Amazon has created an open source toolkit for automated machine learning, called AutoGluon, designed to make it easier for software developers to take advantage of deep learning models in their applications. AutoGluon is intended for both machine learning experts and beginners, the company says.
Officially launched January 9, AutoGluon lets developers harness machine learning models with image, text, or tabular data sets, sans any need to manually experiment. Developers can achieve strong, predictive performance in their applications.
Accessible from the project website or GitHub, AutoGluon automates many decisions for developers, enabling them to produce a high-performance neural networking model with as few as three lines of code. AutoGluon leverages available compute resources to find the strongest model within its allotted runtime. Python 3.6 or Python 3.7 is required; AutoGluon currenty is limited to Linux, although MacOS and Windows support is planned.
AutoGluon capabilities allow users to:
- Prototype deep learning solutions for a data set in few lines of code.
- Leverage hyperparameter tuning, model selection and architecture search, and data processing.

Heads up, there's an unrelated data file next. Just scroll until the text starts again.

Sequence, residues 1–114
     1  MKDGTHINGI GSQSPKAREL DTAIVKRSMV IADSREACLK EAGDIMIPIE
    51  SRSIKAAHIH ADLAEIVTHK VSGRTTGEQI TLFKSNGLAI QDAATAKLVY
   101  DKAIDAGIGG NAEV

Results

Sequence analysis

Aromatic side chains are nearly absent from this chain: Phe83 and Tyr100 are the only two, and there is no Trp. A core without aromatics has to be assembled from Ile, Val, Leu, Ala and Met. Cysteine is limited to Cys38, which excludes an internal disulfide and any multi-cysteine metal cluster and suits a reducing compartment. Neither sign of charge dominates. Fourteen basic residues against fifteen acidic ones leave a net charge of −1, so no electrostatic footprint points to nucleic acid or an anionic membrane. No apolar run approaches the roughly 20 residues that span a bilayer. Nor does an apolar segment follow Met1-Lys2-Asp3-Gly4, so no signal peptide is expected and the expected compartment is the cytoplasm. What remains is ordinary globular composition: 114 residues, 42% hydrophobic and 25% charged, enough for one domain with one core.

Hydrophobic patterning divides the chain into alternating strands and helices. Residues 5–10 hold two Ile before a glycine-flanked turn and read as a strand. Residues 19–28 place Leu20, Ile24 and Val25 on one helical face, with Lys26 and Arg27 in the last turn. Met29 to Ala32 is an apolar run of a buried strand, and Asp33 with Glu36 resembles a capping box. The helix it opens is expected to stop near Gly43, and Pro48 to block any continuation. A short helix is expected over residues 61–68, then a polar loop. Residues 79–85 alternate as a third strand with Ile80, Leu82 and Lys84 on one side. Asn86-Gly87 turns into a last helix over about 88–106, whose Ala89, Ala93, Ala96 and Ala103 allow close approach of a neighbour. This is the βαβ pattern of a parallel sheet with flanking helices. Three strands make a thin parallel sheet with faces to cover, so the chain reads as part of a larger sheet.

- Improve existing neural network models and data pipelines.
- Take advantage of APIs to automatically improve predictive performance in applications without expert knowledge.
In explaining the reasoning behind AutoGluon, Amazon said deployment of deep learning models with state-of-the-art inferencing accuracy typically has required extensive expertise. Developers have had to invest a considerable amount of time and effort into training deep learning models. Despite advancements such as the Keras library, for more easily specifying parameters and layers in deep learning models, developers have had to grapple with complex issues such as data pre-processing and hyperparameter tuning. AutoGluon is intended to democratize machine learning and make deep learning available to all developers.
This story, “Amazon’s AutoGluon automates deep learning for devs” was originally published by
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